The industry’s newest advances from leading manufacturers and suppliers are all on display at the Baking Expo™. Talk to product experts and get hands-on demos to understand how the latest baking technology, ingredients and packaging trends can impact your business. IBIE’s 700,000 sq. ft. show floor highlights everything you need to increase your efficiency, improve your operations and boost your bottom line.
We invite you to visit OAKES in booth 6137 to experience our newest generation of Continuous and Slurry Mixers for Lab, Pilot Plant and Wholesale Bakery. Oakes Engineers will be on hand to discuss icing, cake depositing, extruding, and creme injection solutions for your application. We look forward to seeing you in Las Vegas!
Thursday, May 25th, 2017 - by Dan Malovany (Baking & Snack Magazine)
E.T. Oakes now provides an optional dual-purpose pump to lighten the load of the sanitation department.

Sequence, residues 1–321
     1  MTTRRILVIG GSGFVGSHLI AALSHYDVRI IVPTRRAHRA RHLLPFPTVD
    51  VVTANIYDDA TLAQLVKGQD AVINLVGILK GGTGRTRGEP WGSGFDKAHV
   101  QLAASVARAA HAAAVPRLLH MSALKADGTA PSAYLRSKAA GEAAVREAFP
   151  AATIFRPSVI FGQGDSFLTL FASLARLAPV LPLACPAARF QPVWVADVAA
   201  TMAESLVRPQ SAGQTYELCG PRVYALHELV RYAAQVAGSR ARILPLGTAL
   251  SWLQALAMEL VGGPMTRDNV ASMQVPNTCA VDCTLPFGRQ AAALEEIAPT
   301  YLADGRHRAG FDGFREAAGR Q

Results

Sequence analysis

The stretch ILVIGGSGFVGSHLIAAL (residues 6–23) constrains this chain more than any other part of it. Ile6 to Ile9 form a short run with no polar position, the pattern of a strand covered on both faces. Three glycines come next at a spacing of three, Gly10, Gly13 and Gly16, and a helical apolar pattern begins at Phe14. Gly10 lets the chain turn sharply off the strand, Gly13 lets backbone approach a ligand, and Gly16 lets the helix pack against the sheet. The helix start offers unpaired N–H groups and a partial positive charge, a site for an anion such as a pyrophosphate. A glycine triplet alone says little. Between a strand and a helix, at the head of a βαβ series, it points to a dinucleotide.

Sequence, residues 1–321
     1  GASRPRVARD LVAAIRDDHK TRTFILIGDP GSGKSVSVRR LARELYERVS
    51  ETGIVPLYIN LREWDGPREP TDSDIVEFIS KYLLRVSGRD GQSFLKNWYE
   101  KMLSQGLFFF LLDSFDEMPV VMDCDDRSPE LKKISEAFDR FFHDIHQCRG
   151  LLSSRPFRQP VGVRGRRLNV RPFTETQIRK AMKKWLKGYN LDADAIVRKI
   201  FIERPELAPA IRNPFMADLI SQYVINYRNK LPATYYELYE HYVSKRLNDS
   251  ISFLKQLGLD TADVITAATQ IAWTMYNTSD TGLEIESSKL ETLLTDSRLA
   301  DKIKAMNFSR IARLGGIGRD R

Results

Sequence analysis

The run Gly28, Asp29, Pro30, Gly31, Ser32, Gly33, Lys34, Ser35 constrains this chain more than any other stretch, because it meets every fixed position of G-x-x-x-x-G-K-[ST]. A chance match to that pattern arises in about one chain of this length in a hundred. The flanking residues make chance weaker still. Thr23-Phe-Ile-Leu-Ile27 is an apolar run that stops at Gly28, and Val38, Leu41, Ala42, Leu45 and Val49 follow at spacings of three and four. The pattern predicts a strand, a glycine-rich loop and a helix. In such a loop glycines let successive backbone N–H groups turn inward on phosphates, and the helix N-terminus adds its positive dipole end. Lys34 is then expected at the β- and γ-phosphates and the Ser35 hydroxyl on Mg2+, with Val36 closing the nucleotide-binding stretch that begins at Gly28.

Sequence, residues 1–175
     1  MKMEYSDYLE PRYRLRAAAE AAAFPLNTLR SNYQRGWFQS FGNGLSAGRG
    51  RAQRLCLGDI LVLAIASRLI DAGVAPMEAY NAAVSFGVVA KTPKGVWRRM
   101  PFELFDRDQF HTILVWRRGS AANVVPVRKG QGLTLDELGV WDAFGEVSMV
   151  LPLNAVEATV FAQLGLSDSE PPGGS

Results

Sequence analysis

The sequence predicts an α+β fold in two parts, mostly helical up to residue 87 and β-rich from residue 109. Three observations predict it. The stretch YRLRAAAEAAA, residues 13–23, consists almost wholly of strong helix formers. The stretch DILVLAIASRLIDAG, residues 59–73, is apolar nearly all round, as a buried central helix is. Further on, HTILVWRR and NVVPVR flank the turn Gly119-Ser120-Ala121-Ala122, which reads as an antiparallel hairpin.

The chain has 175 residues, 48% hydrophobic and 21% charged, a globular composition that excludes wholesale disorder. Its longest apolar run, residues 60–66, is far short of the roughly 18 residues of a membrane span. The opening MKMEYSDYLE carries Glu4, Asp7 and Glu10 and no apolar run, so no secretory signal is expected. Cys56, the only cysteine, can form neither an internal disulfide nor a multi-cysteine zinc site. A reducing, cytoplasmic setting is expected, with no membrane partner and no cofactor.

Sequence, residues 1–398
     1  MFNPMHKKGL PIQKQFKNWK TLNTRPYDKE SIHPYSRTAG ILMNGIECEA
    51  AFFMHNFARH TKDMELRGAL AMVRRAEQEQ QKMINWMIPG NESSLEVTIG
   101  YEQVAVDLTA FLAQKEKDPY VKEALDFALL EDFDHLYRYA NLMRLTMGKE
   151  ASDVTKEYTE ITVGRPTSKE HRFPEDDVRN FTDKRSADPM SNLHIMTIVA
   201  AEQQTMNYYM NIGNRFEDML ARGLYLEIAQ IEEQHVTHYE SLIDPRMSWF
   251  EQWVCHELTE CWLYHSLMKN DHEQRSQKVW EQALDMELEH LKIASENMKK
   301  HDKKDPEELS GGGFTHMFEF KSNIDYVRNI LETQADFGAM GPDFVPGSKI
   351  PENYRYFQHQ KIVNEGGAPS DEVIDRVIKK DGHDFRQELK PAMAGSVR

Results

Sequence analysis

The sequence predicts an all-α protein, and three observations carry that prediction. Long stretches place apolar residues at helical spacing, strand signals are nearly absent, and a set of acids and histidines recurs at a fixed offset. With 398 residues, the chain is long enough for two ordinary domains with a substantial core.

“By dual use, it’s a regular metering pump for moving the batter through the mixing head, but now the same system can be used as a CIP pump,” observed Bob Peck, vice-president of engineering, E.T. Oakes. “In the past, you needed a separate centrifugal pump for cleaning in addition to a positive displacement pump.”
Recognizing the need for more efficient and highly scalable mixing solutions for product development in the lab and pilot plant, Oakes introduces the the 24″ Slurry Mixer. Worldwide since 1946, ET Oakes manufactures mixing, depositing, injection and icing systems for the wholesale bakery.
For more information contact Oakes customer service at 631-232-0002 or visit online at Oakes.com.
Monday, April 17th, 2017 - by Joanie Spencer (Baking & Snack Magazine)
If icing gets too cold, chances are it will harden and clog up the nozzle. To address this, E.T. Oakes Corp. designs its system with an isolated bore. “This allows hot water to circulate through the manifold and maintain the proper temperature,” said Bob Peck, vice-president, engineering for E.T. Oakes. “It’s a gun-drilled bore that runs horizontally through the entire manifold.”
Monday, October 31st, 2016 - by Charlotte Atchley (Baking & Snack Magazine)